Florida’s GOP-backed legislature has passed a new bill that includes restrictions on voting by mail and ballot drop boxes, making it the latest swing state where Republican lawmakers have passed more restrictive voting laws.
According to NBC News, the bill was passed by the state House and Senate on Thursday after several weeks of negotiations by Republican state lawmakers. No Democrats supported the bill.
The bill now heads to the desk of Gov. Ron DeSantis, who has already signaled support for more restrictive voting laws.
Among the changes presented in the bill is a provision that requires voters to request to vote by mail more often, a change that could have significant impact in a state where a large portion of both Republicans and Democrats prefer to vote by mail.
The New York Times notes that in 2016 and 2018, about one-third of voters in the state voted by mail, and that more Republicans than Democrats voted by mail in those elections.
That number exploded for Democrats 2020 due to the COVID-19 pandemic. Liberals made a nationwide push to vote by mail, and former President Donald Trump rallied against the practice. The Times notes that Trump himself voted by mail in the 2020 primary.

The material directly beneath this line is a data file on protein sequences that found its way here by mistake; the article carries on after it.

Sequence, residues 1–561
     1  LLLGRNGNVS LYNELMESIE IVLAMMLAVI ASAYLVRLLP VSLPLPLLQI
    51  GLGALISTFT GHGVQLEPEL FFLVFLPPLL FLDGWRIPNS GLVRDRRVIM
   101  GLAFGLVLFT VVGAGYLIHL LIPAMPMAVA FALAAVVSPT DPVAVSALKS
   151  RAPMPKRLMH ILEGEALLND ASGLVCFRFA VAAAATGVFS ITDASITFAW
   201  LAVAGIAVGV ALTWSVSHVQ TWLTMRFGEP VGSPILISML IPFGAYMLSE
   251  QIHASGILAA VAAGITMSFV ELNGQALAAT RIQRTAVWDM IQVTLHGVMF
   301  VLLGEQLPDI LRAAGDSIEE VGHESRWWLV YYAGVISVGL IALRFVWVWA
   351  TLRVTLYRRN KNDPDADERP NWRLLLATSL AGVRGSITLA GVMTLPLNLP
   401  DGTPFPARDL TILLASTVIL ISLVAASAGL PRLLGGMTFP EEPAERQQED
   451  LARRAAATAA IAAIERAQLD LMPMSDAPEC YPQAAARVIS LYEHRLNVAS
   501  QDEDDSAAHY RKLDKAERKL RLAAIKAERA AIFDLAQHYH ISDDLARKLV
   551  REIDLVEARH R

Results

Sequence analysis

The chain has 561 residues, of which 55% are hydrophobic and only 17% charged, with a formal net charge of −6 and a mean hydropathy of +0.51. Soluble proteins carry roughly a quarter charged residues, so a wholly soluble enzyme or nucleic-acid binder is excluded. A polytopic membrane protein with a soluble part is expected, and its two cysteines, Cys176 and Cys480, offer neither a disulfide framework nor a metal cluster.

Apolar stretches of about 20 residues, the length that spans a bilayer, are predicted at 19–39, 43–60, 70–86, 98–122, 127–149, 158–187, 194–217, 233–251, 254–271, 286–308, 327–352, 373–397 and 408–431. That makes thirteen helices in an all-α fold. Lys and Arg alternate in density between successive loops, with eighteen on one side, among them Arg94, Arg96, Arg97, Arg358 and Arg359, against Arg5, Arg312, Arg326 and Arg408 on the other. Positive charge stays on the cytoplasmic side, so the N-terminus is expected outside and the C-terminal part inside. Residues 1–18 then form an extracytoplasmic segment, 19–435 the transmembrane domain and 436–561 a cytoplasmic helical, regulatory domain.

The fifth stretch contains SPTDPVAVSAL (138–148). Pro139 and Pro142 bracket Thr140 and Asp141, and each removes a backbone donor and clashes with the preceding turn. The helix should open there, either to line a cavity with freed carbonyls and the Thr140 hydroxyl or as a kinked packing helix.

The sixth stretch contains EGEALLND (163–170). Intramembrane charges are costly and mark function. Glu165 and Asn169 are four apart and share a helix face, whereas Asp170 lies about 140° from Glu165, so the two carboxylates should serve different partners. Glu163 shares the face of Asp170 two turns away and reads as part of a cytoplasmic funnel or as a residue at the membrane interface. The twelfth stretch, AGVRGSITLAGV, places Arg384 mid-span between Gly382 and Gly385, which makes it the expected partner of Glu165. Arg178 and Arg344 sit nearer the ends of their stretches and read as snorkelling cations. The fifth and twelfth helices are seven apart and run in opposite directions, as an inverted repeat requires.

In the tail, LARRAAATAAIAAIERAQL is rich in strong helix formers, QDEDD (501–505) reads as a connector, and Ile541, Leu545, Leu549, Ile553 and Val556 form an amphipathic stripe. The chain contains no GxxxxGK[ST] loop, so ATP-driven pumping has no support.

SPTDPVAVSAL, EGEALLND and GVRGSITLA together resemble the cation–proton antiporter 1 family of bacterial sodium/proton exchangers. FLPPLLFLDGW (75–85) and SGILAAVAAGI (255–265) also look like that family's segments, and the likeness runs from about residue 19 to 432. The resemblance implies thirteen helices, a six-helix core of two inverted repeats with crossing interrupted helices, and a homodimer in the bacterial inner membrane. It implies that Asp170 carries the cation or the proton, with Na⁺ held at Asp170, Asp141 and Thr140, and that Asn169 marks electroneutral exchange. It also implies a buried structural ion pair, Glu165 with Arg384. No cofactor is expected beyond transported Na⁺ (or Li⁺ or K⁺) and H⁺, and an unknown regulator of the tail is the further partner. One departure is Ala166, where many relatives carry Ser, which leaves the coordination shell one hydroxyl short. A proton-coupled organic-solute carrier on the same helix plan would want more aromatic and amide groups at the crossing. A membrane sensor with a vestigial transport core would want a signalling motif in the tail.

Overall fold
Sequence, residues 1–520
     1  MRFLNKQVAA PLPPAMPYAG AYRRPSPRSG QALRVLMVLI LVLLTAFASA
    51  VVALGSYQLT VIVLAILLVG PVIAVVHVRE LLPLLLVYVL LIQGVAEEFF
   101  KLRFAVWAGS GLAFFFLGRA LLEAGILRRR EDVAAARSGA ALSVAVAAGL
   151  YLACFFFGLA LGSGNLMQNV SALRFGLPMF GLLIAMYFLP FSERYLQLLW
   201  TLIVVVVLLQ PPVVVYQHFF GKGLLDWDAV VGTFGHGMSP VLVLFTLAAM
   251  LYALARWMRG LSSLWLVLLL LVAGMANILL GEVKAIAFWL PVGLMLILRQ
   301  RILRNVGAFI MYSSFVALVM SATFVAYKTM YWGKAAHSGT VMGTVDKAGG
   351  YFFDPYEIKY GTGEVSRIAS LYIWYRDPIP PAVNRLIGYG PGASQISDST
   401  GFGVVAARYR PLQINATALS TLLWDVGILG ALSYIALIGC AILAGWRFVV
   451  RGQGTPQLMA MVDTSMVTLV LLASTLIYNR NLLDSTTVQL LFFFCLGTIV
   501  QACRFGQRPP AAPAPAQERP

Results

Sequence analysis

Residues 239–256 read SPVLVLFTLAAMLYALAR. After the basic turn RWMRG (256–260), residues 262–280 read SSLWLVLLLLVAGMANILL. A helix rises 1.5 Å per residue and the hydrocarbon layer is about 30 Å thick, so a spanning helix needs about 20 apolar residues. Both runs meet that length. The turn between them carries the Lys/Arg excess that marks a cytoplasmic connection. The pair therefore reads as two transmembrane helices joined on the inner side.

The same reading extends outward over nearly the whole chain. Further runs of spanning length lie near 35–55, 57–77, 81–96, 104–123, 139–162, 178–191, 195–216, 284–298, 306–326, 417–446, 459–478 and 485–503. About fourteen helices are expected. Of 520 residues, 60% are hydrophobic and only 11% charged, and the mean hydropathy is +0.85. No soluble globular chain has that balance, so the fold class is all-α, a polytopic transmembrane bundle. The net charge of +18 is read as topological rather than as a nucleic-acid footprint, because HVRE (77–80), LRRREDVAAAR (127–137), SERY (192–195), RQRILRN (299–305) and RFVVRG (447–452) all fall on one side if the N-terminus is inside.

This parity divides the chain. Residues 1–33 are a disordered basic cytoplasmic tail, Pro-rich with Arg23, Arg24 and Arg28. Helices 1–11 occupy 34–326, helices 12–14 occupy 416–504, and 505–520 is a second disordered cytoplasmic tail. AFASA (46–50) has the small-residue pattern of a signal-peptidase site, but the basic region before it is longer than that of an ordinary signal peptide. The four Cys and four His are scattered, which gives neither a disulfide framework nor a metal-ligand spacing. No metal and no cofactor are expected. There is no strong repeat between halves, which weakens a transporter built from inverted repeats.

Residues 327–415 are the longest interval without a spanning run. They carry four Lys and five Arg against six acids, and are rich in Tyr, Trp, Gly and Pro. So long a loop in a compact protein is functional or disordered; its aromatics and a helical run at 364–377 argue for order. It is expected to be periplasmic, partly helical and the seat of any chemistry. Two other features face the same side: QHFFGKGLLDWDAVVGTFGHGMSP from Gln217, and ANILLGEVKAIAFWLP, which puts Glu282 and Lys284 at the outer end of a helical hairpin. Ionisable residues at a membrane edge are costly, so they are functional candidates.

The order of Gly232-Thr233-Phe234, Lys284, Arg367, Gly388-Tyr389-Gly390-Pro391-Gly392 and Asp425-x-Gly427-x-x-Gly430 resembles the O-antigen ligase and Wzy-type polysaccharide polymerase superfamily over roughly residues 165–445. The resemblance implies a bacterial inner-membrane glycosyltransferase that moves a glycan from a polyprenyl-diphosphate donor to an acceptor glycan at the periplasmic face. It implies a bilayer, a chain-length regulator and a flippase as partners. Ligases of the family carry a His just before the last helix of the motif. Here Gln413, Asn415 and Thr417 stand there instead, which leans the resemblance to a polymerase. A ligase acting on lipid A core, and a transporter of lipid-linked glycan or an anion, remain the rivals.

The new bill also puts more limits on ballot drop boxes. According to NBC News, the new law would limit who could drop off a voters’ ballot, restrict where the drop boxes can be placed and require that they be monitored by elections officials whenever they’re open.
The New York Times reports that most Florida drop boxes were already being monitored by elections officials or through video surveillance.
According to ABC News, Republican lawmakers removed a provision from the law Thursday that would have banned the use of drop boxes altogether. They also softened language that would have prohibited handing out food and water within 150 feet of polling places.
In recent months, dozens of states with Republican-backed legislatures have introduced hundreds of bills that would make voting more restrictive. Among those states is Georgia, whose decision to pass such a bill was met with by heavy criticism by liberal politicians, activists and even corporate America.
Many of the bills have been introduced under the lie that Trump was defeated in the 2020 election due to widespread voter fraud — a lie that culminated in the Jan. 6 riot at the U.S. Capitol.
Trump’s own attorney general said in late 2020 that he had not seen any evidence of widespread voter fraud, and the government’s top cybersecurity official — a Republican — called the 2020 election the “most secure election in American history."